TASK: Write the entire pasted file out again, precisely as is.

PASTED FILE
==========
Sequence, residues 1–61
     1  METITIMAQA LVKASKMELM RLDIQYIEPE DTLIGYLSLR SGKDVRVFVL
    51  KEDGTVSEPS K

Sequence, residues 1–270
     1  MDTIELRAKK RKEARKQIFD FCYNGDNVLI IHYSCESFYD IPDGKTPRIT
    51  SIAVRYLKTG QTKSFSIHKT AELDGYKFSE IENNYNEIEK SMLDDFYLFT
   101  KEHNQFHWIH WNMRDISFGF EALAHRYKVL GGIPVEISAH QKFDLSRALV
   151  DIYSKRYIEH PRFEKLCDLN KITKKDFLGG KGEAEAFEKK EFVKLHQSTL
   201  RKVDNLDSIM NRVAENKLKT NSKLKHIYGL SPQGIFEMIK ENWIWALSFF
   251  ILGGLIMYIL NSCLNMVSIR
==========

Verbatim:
Sequence, residues 1–61
     1  METITIMAQA LVKASKMELM RLDIQYIEPE DTLIGYLSLR SGKDVRVFVL
    51  KEDGTVSEPS K

Sequence, residues 1–270
     1  MDTIELRAKK RKEARKQIFD FCYNGDNVLI IHYSCESFYD IPDGKTPRIT
    51  SIAVRYLKTG QTKSFSIHKT AELDGYKFSE IENNYNEIEK SMLDDFYLFT
   101  KEHNQFHWIH WNMRDISFGF EALAHRYKVL GGIPVEISAH QKFDLSRALV
   151  DIYSKRYIEH PRFEKLCDLN KITKKDFLGG KGEAEAFEKK EFVKLHQSTL
   201  RKVDNLDSIM NRVAENKLKT NSKLKHIYGL SPQGIFEMIK ENWIWALSFF
   251  ILGGLIMYIL NSCLNMVSIR